Graphene Oxide News
Abalonyx announced that it entered into a partnership with Kongsberg Innovasjon for both engineering support and an investment that will enable Abalonyx to start mass producing graphene oxide materials. Kongsberg Innovasjon will purchase a 21.5% stake in Abalonyx.
Since 2012, Abalonyx had a pilot production line, used to produce GO samples and verify the scalability and safety of its process. The two companies are now developing a new facility (in south east Norway) that will start production in Q3 2014 with a capacity of 8 tons/year.
Researchers say Graphene Oxide is probably not toxic as humans have been eating GO flakes for thousands of years
Researchers from India verified that when you barbecue meat, it produces all sorts of carbon nanoparticles, including graphene oxide. This led them to the conclusion that GO is probably safe to eat - as humans have been eating barbecued meat for thousands of years.
When meat is heated, the proteins undergo pyrolysis, which produces graphene oxide sheets and carbon nanoparticles via the condensation of five- and six-membered rings. Some of these particles are doped with nitrogen from the atmosphere, and GO is formed when plant matter is charred. GO is also present in several medicines such as gripe water and active coal powders.
Researchers from Australia's Anstro institute and Deakin University developed an efficient method to prepare porous and reduced graphene oxide. They say that this one-step, catalyst-free, high penetration and through-put technique offers for the first time a significant advantage over previously reported graphene oxide (GO) solution reduction mechanisms.
The new technique, which uses gamma irradiation, maintains the naturally densely packed morphology of GO bucky-papers without causing the dramatic exfoliation of the graphene layers caused by chemically reduced routes.
Researchers from Penn State University and Japan's Shinshu University developed a simple and scalable process to make strong, stretchable graphene oxide fibers. Those fibers can easily be scrolled into yarns that have strengths approaching that of Kevlar.
The new GO fiber is the strongest carbon fiber ever. The researchers believe that pockets of air inside the fiber keep it from being brittle. But those fibers can also be altered to make other useful materials. For example, removing the oxygen results in a fiber with high electrical conductivity, while adding silver nanorods increases the conductivity (to the same level as copper, while being much lighter than copper).
Researchers at Melbourne's Swinburne University developed a high-quality continuous graphene oxide thin film that has a record-breaking optical nonlinearity. The film may be suitable for high performance integrated photonic devices - useful for communication, biomedcine and photonic computing.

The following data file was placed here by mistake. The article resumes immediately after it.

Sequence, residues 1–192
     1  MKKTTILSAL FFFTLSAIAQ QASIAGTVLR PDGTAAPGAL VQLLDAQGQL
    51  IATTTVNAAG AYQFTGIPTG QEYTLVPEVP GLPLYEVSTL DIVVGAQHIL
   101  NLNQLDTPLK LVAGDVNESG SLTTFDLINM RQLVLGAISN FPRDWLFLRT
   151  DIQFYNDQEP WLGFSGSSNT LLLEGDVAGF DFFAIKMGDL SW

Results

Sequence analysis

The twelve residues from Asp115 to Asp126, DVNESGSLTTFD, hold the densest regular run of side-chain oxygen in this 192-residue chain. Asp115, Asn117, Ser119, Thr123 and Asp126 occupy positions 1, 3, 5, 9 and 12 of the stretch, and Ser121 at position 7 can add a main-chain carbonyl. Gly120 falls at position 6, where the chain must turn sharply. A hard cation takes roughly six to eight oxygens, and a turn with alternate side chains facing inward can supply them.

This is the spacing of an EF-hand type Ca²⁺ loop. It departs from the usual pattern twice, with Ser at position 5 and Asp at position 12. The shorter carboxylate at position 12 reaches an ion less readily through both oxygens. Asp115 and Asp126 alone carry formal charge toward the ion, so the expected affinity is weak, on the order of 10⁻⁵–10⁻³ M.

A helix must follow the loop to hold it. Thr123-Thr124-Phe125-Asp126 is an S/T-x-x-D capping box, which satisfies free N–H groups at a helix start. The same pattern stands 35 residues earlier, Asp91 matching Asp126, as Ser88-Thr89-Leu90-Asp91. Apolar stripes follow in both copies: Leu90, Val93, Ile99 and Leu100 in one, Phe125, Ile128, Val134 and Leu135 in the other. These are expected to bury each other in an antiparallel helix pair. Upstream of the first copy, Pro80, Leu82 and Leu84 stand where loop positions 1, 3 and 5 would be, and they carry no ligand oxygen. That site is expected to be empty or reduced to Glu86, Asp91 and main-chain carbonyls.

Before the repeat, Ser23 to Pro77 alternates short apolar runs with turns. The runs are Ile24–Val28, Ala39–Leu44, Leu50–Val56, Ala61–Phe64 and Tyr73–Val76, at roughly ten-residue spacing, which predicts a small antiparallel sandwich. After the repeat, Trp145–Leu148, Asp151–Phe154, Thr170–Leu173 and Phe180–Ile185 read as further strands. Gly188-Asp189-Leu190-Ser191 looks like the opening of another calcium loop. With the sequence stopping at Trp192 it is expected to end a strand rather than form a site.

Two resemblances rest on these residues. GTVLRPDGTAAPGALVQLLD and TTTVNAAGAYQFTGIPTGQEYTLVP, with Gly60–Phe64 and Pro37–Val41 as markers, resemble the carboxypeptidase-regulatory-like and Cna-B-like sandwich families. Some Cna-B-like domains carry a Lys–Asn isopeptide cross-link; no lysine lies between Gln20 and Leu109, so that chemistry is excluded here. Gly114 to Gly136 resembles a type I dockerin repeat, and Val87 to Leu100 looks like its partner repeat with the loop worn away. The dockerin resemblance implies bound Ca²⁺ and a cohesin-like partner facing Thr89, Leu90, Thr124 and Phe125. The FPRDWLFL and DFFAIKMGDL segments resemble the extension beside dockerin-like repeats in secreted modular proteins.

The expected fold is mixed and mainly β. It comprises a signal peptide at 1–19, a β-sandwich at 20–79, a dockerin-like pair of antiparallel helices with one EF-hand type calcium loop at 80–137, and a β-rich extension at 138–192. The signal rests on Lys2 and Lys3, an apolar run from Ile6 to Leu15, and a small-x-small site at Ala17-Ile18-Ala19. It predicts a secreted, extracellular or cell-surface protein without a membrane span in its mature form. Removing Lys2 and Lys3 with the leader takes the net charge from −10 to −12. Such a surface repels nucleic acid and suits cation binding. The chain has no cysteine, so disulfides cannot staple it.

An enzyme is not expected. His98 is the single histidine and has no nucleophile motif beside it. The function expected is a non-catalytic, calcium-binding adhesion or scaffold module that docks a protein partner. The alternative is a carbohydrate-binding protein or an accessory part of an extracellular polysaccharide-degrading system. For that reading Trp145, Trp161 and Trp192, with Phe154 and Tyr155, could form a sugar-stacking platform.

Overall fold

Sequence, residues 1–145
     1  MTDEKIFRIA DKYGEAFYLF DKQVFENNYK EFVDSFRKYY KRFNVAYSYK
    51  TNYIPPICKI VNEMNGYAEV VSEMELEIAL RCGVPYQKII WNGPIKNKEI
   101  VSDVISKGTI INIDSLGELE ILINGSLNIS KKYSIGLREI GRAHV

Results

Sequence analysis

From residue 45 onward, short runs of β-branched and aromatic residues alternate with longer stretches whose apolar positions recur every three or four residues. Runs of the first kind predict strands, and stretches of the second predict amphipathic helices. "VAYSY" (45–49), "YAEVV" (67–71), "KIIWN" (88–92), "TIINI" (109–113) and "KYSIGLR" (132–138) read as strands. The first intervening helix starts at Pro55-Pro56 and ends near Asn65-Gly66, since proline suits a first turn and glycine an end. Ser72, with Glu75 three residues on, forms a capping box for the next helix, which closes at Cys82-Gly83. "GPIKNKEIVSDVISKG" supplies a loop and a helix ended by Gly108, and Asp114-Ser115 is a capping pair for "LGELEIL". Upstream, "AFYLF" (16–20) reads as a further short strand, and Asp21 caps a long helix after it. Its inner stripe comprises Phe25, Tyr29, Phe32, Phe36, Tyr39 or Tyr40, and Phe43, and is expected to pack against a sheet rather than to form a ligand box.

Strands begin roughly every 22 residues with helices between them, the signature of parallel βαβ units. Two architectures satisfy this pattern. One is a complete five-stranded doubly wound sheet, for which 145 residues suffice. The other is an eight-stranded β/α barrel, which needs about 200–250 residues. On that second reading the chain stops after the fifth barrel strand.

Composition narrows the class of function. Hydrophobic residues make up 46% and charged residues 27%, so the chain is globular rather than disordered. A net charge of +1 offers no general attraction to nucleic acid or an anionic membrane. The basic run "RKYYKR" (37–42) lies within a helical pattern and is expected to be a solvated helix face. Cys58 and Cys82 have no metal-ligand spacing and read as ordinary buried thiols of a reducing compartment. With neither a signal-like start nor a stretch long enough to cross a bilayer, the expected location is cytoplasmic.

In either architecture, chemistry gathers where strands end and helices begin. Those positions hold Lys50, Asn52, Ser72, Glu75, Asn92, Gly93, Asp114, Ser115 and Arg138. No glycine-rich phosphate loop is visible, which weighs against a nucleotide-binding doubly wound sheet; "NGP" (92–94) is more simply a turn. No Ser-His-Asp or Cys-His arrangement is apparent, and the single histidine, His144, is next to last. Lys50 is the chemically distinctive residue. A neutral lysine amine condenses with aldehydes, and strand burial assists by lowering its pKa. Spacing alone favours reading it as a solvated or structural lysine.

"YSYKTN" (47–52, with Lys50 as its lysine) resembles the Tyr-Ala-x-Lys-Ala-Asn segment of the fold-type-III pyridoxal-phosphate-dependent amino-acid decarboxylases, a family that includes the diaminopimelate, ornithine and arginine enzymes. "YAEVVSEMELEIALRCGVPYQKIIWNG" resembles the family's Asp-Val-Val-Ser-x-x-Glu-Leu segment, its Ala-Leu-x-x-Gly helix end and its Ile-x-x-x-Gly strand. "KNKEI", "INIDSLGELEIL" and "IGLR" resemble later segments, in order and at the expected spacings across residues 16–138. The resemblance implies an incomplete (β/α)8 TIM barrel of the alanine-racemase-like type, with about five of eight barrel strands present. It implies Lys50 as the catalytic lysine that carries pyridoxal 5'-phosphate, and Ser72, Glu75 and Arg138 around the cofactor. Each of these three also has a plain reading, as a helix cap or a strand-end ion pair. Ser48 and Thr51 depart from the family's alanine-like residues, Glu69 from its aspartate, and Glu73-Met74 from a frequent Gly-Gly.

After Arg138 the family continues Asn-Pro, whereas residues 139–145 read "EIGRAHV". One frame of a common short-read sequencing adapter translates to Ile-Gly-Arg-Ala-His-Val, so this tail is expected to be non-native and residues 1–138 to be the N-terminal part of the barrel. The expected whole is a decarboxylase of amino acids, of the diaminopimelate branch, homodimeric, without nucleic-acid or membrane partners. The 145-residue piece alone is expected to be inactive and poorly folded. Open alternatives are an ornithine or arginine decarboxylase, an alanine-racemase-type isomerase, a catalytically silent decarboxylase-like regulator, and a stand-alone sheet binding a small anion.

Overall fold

To create this new film, the researchers first spin-coated a graphene-oxide solution on a glass substrate. They then used a laser to create microstructures on the graphene oxide film to tune the nonlinearity of the material. Now they have a platform to fabricate optical components with desired nonlinearity - and all on the same graphene sheet without the need to integrate different components.
Researchers from UC Riverside discovered that graphene oxide nanoparticles are very mobile in lakes or streams - which means that they can cause negative environmental and health impacts. It turns out that in surface waters (where there is more organic material and less hardness), GO particles remain stable. But in groundwater, they tend to become less stable.
The researchers say that it is important to continue and study what happens when graphene materials get into the ground or water. They say that their lab is one of the few labs in the US that studies the environmental impact of graphene oxide.
Veritcally-aligned graphene oxide flakes enable supercapacitors that can charge 1,000 faster than regular graphene ones
Researchers from Korea's Sungkyunkwan developed new supercapacitors that can charge 1000 times faster than current graphene supercapacitors, while also having three times the energy capacity. To achieve this fast charge (and discharge) times,t he researchers used vertically aligning graphene oxide flakes.
The researchers created a graphene oxide film using a carbon nanotube, and then used cutting and heat treatment to develop the vertically-structured graphene electrodes. The researchers also inserted a VNT into the GO sheets and created regular patterned pores in the GO films. All this resulting in electrodes that is much faster than solid and vertically-structured graphene used in existing supercapacitors.